While that presentation got the most buzz, the other two presentations in the session were also valuable. David Dibiase, representing UCGIS, highlighted the process behind and value of the BoK and the plans for version 2 (and asked for participants). Trish Maggio-Long of Trenton highlighted the successes and failures of trying to do GIS training on a budget. Tutorials to be done by staff didn’t work. Hands-on training turned into demonstrations when Internet connections were slow and applications were too general for the types of information sought. Desktop hands-on training was better but highlighted limitations in the city’s data sets (timeliness, mostly). She noted with no budget and no mandate from above there are 5 people regularly using GIS in the city, among the 270 city workers at city hall. The discussion of her efforts brought up a new term for many in the audience: Value on Investment. It’s different from return on investment as it takes into account non-tangible returns.

[Disclosure: URISA covered my lodging for this event.]

by Adena Schutzberg on 08/21 at 12:32 PM | Comments | Bookmark and Share

There was a lot to do first thing on Tuesday at URISA’s opening session.

- Get an overview from Rob Bishoff, SSI Commissioner from Australia, on how the many geospatial organizations from that country are now united

Key ideas: it’s working well, but Australia needs to raise the number of women in geospatial and encourage young surveyors (avg age for current surveyors ~56)

- Name Hall of Fame inductees: Micheal Goodchild, Don Cooke

Key ideas:

Goodchild: Things are changing quickly in GIS with new offerings from Google, et al, “volunteered information” (user generated content) is one of the next big things, GIS is coming out of academia into the real world

Cooke: The strength of URISA is in its people.  Forty years ago it was the only place to talk about what would become GIS.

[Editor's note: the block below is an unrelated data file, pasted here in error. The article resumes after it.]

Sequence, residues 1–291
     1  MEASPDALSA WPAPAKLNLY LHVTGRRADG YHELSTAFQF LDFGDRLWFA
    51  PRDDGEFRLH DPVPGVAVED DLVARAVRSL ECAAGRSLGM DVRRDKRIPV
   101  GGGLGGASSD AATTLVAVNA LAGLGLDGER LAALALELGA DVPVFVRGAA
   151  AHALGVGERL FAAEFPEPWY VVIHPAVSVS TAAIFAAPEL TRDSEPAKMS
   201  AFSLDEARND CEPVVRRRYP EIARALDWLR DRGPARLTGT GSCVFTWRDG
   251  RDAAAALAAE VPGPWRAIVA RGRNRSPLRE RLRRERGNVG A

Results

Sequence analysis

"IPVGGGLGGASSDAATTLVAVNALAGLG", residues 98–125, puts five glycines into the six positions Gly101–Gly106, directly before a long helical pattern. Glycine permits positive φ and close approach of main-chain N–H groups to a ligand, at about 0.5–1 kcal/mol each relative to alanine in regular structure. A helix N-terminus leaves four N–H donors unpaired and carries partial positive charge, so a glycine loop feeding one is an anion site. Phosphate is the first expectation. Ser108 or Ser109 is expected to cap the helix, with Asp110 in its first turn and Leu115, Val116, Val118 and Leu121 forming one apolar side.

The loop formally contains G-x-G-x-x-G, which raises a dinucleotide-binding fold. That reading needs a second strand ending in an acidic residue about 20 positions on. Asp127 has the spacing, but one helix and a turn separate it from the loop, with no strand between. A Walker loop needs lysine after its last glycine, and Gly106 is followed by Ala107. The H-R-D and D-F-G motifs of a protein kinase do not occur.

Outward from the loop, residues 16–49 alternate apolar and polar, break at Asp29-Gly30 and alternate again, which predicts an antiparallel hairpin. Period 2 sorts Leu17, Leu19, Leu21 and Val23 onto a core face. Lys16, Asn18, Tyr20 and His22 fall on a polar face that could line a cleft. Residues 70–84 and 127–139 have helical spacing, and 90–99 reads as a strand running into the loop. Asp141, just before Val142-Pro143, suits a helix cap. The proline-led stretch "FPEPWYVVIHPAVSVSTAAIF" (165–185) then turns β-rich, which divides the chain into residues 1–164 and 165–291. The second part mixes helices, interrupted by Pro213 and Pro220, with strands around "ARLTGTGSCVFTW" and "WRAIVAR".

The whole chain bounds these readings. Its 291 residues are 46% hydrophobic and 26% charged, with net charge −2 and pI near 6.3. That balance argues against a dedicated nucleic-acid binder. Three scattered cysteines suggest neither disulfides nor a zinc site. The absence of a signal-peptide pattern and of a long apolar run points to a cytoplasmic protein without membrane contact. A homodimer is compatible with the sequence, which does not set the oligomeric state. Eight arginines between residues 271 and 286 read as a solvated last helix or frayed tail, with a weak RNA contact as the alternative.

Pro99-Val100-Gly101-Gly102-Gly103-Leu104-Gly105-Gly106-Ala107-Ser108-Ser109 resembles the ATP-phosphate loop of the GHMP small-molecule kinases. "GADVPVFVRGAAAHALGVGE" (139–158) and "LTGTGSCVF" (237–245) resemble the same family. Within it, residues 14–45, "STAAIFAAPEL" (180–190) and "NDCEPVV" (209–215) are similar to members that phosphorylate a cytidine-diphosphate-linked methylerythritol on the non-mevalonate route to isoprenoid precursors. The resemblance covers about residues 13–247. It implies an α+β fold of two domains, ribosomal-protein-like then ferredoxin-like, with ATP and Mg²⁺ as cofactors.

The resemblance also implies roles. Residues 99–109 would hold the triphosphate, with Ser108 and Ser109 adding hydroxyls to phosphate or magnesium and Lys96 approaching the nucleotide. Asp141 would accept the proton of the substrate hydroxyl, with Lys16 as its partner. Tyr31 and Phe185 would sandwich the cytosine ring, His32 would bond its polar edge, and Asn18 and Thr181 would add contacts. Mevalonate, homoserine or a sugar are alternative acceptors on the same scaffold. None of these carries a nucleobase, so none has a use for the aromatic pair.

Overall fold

- Announce Horwood Award to Nancy Von Meyer

Key ideas: If you can do something and you don’t, you are an impediment - you get in the way. If you can lead and don’t you are an obstacle - you prevent forward motion.

- Keynote from staff and young people from Hopeworks ‘n Camden (New Jersey) - a program that empowers youth through technology (you may have seen them at ESRI and elsewhere)

Key ideas: This program is about empowering youth, not about GIS. (GIS was introduced because a neighboring organization, a land trust had a GIS intern some years ago. He introduced the program to GIS and it took off!), the young people have dreams but not geographic dreams: they want to be veteranarians, restaurant owners, not geogeeks. Said the founder, Father John: “I’d rather have your business than a contribution.”

- Develop key topics for stakeholders meeting later in the week

Key ideas thrown out:

- document recovery costs, selling data
- interoperability
- building regional data repositories before emergencies
- getting politicians to appreciate non-tangible results of GIS implementations
- getting senior leadership to recognize importance of GIS
- bad addressing data
- why data sharing/licensing is so hard
- GIS as a profession - what is it?

Ideally attendees will look for input on these ideas and share them in a final session on Thursday. This is an experiment.

My Thoughts

The Hopeworks presentation was certainly inspirational (and I’ve heard about this program before). What struck me from the presentation was that this really is NOT about GIS. Sure, GIS and Web design are what the program rallies around (and it provides paying jobs for many of the youth) but it’s really about getting youth ready for what’s ahead, be it college or something else. They are learning responsibility, goal setting and enhancing some skills such as reading and writing, along with learning and doing Web and GIS work. It’s great and I do not want to diminish the concept. I will note however a similar program in Boston, Bikes Not Bombs, that does many of the same things around building and fixing bikes. There are many different ways to help youth grow into successful adults.

The set of ideas thrown out (alas in limited time as we started late) were requested to be “difficult problems we all share.” They were “voted on” informally to confirm their importance to the assembled (some 200 people, I’m guessing). I noted some topics that I thought would pop up which did not: cost of software, Google/Yahoo/Microsoft/Ask, education. 

[Disclosure: URISA covered my lodging for this event.]

by Adena Schutzberg on 08/21 at 12:12 PM | Comments | Bookmark and Share